This primary season has encouraged some serious soul searching about what it means to be a conservative. The discussion is important, not just as the party selects a nominee, but as we at long last move beyond the Bush era of “compassionate conservatism.”
An important part of this discussion began when then-candidate Fred Thompson was asked if, as a Christian and a conservative, he supported President Bush’s global AIDS initiative. Thompson responded: “Christ didn’t tell us to go to the government and pass a bill to get some of these social problems dealt with. He told us to do it.” President Bush’s former speechwriter, Michael Gerson, excoriated the candidate in a Washington Post oped, “Callous Conservatives.” Gerson argued that Thompson’s response revealed a “lack of moral seriousness” and failure to understand the strategic value of humanitarian efforts.
The particulars of the AIDS global initiative are less important than the broader principle at stake. It’s true that targeted development and aid can be important foreign-policy tools. In certain circumstances, a federal investment can make sense. But Gerson wasn’t simply criticizing an underestimation of such initiatives’ foreign-policy benefits; he suggested that it’s a moral failing to question if government’s duties extend “to the treatment of sick people in extreme poverty.”
Yet this is a very important question. Is it government’s duty to care for all those in need? Most politicians accept Gerson’s view of “moral seriousness” and use promises of government action to showcase their compassion. Is this really compassion and charity?
It takes no sacrifice on the part of a politician to use taxpayer money to alleviate some group’s particular misery. In fact, these gestures tend to be the easiest politically, providing a visible photo-op and easy applause from the media.
Yet there was a time when both parties respected the limited role and responsibilities of government. Democrat Grover Cleveland vetoed a bill in 1887 that would have sent federal relief to drought-stricken farmers in Texas. He didn’t want to encourage “the expectation of paternal care on the part of the Government” and believed that individual Americans could best help Texan farmers through private acts of charity. (They did, sending several multiples of the aid proposed in Congress.)
Cleveland understood that government efforts — even, and perhaps especially, those motivated by compassion — tend to have unintended consequences that render them ineffective. Decades of foreign aid to African countries served to prop up failing governments and undermine private development, exasperating the misery it was supposed to relieve. The “compassionate” War on Poverty within the U.S. had a similar effect, devastating the very communities it was intended to uplift.
Advocates of limited government recognize that angels will never run Washington. Politicians will favor spending on a problem when it is advantageous to do so, and they will avoid accountability when the spending fails to solve the problem. Once it’s established that the government will aid all who suffer, the definition of suffering invariably expands, from drought victims to ill-advised recipients of adjustable-rate mortgages. Finally, a “moral hazard” is created — citizens realize that, if the decisions they make turn out badly, preening, crisis-hungry politicians will rescue them.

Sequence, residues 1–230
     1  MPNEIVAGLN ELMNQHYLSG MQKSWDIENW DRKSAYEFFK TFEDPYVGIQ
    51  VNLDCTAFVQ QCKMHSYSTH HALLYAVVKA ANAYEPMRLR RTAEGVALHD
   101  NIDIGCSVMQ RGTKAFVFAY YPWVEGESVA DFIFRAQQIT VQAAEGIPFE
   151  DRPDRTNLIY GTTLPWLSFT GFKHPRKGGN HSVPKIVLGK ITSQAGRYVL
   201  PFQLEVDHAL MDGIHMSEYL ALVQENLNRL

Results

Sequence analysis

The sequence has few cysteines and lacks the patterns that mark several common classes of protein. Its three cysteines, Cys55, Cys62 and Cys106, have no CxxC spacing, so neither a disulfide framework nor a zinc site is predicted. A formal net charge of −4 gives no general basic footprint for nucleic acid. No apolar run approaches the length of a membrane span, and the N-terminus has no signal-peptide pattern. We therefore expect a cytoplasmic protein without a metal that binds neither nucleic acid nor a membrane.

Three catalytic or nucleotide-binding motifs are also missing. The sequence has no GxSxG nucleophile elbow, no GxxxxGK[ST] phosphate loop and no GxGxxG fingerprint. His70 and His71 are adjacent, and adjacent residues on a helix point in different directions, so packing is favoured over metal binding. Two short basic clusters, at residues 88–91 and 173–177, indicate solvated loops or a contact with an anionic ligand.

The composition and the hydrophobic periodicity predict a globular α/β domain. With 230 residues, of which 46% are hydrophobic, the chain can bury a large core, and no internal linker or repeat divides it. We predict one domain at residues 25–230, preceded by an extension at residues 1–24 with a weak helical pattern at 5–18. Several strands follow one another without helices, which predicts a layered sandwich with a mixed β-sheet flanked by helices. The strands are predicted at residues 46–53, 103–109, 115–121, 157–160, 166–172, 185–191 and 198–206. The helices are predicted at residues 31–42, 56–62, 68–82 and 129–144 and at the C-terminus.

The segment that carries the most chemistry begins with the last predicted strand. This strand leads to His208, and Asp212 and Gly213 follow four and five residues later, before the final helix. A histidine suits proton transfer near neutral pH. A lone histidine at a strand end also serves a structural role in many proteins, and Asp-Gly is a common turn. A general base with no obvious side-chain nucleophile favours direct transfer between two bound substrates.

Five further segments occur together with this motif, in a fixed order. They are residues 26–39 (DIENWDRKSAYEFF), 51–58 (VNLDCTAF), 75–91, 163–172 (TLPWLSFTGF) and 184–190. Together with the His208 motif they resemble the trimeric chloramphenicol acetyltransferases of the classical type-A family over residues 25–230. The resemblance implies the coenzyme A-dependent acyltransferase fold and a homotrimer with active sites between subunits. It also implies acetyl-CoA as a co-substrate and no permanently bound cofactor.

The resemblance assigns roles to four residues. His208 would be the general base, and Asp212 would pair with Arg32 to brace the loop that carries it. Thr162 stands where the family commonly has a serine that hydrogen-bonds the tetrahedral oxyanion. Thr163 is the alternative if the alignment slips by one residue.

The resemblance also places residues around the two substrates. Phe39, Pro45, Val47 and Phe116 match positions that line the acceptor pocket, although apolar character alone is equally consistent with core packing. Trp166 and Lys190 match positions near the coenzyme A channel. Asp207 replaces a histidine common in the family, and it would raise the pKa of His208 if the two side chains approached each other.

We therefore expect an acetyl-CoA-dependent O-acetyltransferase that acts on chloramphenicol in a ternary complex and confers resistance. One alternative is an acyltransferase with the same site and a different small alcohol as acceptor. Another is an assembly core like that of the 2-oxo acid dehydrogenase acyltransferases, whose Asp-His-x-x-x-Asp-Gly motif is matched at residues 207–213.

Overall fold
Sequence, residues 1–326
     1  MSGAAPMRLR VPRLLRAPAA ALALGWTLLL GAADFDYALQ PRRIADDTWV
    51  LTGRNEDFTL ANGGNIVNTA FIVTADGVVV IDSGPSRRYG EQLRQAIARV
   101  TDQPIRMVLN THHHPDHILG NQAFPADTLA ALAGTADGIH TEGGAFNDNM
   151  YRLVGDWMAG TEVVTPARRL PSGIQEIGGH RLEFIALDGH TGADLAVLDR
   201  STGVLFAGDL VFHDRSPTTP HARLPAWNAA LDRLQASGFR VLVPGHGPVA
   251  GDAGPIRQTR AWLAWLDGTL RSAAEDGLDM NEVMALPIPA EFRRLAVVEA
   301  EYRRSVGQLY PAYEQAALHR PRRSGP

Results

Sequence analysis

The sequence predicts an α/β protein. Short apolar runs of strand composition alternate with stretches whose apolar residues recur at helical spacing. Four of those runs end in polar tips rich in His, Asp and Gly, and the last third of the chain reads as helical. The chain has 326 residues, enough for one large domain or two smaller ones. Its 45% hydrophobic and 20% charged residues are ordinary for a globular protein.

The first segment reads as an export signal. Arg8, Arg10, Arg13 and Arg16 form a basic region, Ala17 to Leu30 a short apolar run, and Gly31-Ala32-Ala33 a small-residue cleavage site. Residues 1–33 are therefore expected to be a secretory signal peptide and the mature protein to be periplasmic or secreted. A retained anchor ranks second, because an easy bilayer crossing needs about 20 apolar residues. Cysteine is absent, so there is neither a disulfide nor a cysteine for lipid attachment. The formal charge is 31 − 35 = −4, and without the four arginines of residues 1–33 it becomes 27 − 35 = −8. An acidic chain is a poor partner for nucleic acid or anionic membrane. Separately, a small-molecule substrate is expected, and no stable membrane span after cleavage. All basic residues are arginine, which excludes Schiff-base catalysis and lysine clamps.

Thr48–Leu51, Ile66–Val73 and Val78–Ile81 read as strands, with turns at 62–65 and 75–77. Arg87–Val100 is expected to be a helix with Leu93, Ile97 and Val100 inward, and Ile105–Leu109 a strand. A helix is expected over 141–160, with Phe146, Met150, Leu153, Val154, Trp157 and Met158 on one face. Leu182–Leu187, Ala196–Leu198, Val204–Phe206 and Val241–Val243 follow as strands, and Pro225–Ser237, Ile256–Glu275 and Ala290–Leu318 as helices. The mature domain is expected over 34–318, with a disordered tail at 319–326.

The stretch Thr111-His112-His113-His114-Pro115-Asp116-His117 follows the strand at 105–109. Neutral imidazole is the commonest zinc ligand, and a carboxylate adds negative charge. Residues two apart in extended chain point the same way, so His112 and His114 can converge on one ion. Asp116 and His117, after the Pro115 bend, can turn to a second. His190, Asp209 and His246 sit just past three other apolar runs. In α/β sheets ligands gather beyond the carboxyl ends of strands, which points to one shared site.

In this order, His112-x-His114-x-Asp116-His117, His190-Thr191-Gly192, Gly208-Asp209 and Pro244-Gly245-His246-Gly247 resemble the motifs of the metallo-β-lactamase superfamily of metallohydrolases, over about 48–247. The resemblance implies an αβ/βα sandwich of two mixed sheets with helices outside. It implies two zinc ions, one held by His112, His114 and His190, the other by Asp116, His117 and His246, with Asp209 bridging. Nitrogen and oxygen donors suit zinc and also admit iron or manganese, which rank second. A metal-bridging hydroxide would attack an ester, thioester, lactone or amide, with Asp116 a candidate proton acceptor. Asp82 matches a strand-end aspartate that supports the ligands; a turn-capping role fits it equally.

If being a conservative means anything, it should be skepticism toward big-government solutions and faith in the decency and competence of ordinary Americans. Gerson shows as little of the latter as he does of the former.
He jibes at Thompson’s assertion that private charity can address major problems, “One wonders . . . if responding to the 2004 tsunami should also have been a private responsibility.” Yet as National Review’s Ramesh Ponnuru pointed out, private American donors gave twice as much as the U.S. government did to assist tsunami victims. And certainly the growing expectation that government will respond to crisis dampens private behavior. How many over-taxed Americans hesitate to support the local church’s food bank, because they know they are already forced to contribute to a food-stamp program and a government-run homeless shelter down the street?
What’s true at home is also true abroad. Doing what seems obvious often is not the route to doing good. You might assume that a major investment in public education in poor countries would be worthwhile. But the E. G. West Centre’s research in India and Africa has shown how markets for private education serving the poor have emerged in response to terribly corrupt, incompetent government-run schools. It would be counter-productive to more heavily subsidize what already is not working.
Kenyan think-tank leader James Shikwati has urged Western leaders to stop sending aid to Africa. He explained, “Huge bureaucracies are financed (with the aid money), corruption and complacency are promoted, Africans are taught to be beggars and not to be independent. . . . development aid weakens the local markets everywhere and dampens the spirit of entrepreneurship that we so desperately need. As absurd as it may sound: Development aid is one of the reasons for Africa’s problems.”
This kind of realistic talk often falls on deaf ears among so-called compassionate conservatives and other advocates of big government. In reality, it isn’t callous to question the value of government programs. It is the attempt to stifle debate and demonize skeptical views that truly shows a lack of moral seriousness.
— Brad Lips is the executive vice president at the Atlas Economic Research Foundation and Carrie Lukas is the vice president for policy and economics at the Independent Women’s Forum.